7 Bubble Bath Jacqueline Beaupre 08 wades through a hallway in Averill Hall after her friends, playing a practical joke, packed her room with balloons, which spilled out when she opened the door. Photo by Kendyl Sullivan 11 COLBY / SPRING

8 Wrong Track, Right Track: From Rehab to Mayflower Hill By Robin Respaut 07 Sitting at a side table in Foss dining hall, Jake (not his real name) looks a little out of place. Instead of North Face, he wears a tight plain T-shirt, worn jeans, a grey wool hat, and yellow work boots. Tall, with broad shoulders and muscular arms, Jake looks like he just finished his shift on a construction site. And he uses words like codependent, dissociation, and psychological conditioning. It s clear Jake has done some therapy. Yeah, I guess it comes out here and there, he said. I don t think it s that obvious though, considering how much therapy I ve actually had. In fact, Jake may have undergone more therapy than any other student on Colby s campus. During his sophomore year of high school, he developed a serious drug problem and rarely went to school without getting high. Over time his marijuana use was compounded by the consumption of antidepressant pills and an unrefined version of heroin called black tar. In high school, I hated the whole social atmosphere. I always felt uncomfortable, like I would never measure up, Jake said. He speaks slowly and calmly, carefully processing his thoughts. I guess everyone felt that way to a certain extent, but at times, that s all I felt. After a deep breath, he said, When I was high in school, I didn t care about anything and, after a while, I resented being anything else. * * * Halfway through his junior year, Jake s strong marks in honorslevel classes dropped, and a close friend warned Jake s parents that he was killing himself. His parents sent him to Maine for what was called wilderness rehabilitation. The rehab center in Maine combined classroom and therapy, in addition to four-day outdoor excursions in the middle of a New England winter. A strict regimen of hiking and living off vegetables and tofu was enforced. They removed us from traditional society, where ninety-nine percent of kids are capable of functioning, but we weren t, Jake said. He admits that it helped build his self esteem. I think I made real progress in not getting so down on myself, he said. But in terms of drugs, I wanted to get high off my ass as soon as I got out, and I didn t keep it much of a secret. Jake s honesty in admitting his plans to return to drugs earned him a one-way ticket to California, where he found, in his own words, a whole new extreme in the breaking-down-bad-kids industry. Military in its strictness, the live-in rehab institution included several three-hour group-therapy sessions each week. These meetings were loud, intimidating, and confrontational, he said. If you needed to talk to someone, you had to get up and walk directly across the room to where they sat. The yelling was so severe that you can guess what would happen if people weren t physically separated from each other. The students at the California school had extensive histories related to drug or alcohol abuse, eating disorders, cutting, and/or depression. I think if someone from the outside saw what happened in that school, they would think, That s terrible what they re doing to those kids. But it was necessary, Jake said. You know how people will say, That kid needs to get his ass kicked. Well, I needed that. I just got it in a different way. While in California, Jake curbed his craving for drugs, became more self- assured, and cultivated positive communication with his parents. Despite his progress at the school, however, the intensity level was enough for Jake to want badly to leave. When he turned 18, he hitched to San Bernardino to enlist in the military. I looked a little haggard by the time I got to the recruitment center, because I had just slept on the street, he said. Still, I received a perfect score on the entry test, and they agreed to take me. 10 COLBY / SPRING 2008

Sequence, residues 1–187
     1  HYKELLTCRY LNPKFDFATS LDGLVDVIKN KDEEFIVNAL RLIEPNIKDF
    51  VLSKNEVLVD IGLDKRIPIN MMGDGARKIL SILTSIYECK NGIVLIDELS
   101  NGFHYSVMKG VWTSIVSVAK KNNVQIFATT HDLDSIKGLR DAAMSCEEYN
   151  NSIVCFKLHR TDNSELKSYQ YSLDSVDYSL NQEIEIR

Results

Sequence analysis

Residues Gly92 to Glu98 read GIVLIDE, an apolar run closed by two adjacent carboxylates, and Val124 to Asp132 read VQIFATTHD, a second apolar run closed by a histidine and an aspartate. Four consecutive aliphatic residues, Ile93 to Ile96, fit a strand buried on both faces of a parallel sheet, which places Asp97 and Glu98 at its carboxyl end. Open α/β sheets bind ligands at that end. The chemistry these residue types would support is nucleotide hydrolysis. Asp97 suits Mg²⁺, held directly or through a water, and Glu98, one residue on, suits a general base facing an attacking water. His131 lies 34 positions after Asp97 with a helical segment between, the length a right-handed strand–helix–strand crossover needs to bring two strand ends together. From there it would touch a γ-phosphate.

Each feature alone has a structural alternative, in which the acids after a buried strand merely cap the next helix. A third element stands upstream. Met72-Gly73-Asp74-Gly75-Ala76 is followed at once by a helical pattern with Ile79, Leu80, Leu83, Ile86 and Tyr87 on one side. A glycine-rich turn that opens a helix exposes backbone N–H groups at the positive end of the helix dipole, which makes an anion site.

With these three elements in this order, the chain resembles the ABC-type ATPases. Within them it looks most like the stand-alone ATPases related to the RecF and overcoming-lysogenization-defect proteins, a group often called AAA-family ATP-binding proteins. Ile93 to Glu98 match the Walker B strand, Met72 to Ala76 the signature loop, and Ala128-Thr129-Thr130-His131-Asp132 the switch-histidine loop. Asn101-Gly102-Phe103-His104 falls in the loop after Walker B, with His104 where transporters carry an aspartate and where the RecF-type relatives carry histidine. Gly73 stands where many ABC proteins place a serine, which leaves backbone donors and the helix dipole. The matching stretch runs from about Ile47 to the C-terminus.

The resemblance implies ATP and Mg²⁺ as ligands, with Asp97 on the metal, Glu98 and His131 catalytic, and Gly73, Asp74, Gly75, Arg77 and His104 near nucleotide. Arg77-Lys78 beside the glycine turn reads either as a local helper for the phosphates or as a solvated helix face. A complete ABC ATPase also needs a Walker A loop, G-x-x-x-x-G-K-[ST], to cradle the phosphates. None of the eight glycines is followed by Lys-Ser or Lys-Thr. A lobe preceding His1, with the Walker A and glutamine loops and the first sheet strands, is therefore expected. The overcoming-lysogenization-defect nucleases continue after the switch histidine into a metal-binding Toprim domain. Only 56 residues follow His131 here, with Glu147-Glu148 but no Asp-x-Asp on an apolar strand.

9 point of view But Jake s parents wanted him to stay on a track that could lead to college. I genuinely wanted to go to school, too, but I couldn t go back to living under those ridiculous rules with people yelling at me all the time. Jake and his parents eventually agreed that he would go to a transitional home in Idaho, where he worked his first job, lived in an apartment, and attended classes at a local junior college. There was group therapy there, too, but it was nothing like California. I had so much freedom. I loved it. He shakes his head as if still in disbelief at the reprieve. * * * It was a Sunday night on campus and Jake invited me to run errands with him in his truck. We went to Wal-Mart, where he bought Kashi cereal and vitamin-fortified yogurt. On the drive back to campus, Jake called his mom. My parents have been extraordinarily supportive of me. I like to check in with them and show my appreciation, he said. Back in his dorm room, Jake scanned The New York Times online and mixed a vitamin supplement into his Nalgene. The bottom drawer of his desk was crammed with bottles and pouches of supplement pills, which he claims are important for staying healthy, especially while working out. As a junior philosophy major, Jake lived simply, with a regular routine of attending class, eating in Foss dining hall, and working out at the gym each day for upwards of two hours. Jake kept a small social circle and a low profile. I mainly keep to myself, he said. I don t go out on weekends, and I don t party. Sometimes I think I should try to meet more people, but there are a handful of people on this campus that I really know and trust. That s all I need. I was part of that circle. As Jake s neighbor during my first two years at Colby, I found his introspective manner alluring. In a way, he seemed happily distant from the typical oscillation of emotion that takes place in the dramatic social theater of a college campus. Working summers with construction crews and volunteering at the local fire station, Jake returned to Colby each year to study the deeply abstract and intangible theories of philosophy. His only sustaining concern, it seemed, was to keep himself from drifting back into the smoky black despair that nearly washed him away in high school. I mainly keep to myself... sometimes I think I should try to meet more people, but there are a handful of people on this campus that I really know and trust. That s all I need. Jake usually refrained from disclosing his past, but after I learned his story, I realized why a Colby admissions officer melted down the mold to admit a kid with such an atypical story. Jake s poignant perspective on life was refreshing in an arena of golden college students. Jake did not necessarily know where his next step would place him, but he certainly understood where he had been. For me, I sometimes found myself caught in a wave of consternation in college, concerned over whether I was achieving some intangible standard of success. Spending time with Jake reminded me of my own struggle with depression in high school, and I could safely recognize how much I, too, had grown. As for Jake, he credits his serenity to his Colby education. Philosophy courses have opened his mind profoundly and helped change his perspective on life. I consider myself such a different person now, much more perceptive and at peace with the situations around me. One of my greatest lessons is continual: I am constantly learning more about myself and how I interact with other people. I don t go through the heavily depressive states that I used to. He sighed. It s a really excited, exciting time, you know? I m really lucky. ILLUSTRATION BY ROBERT P. HERNANDEZ COLBY / SPRING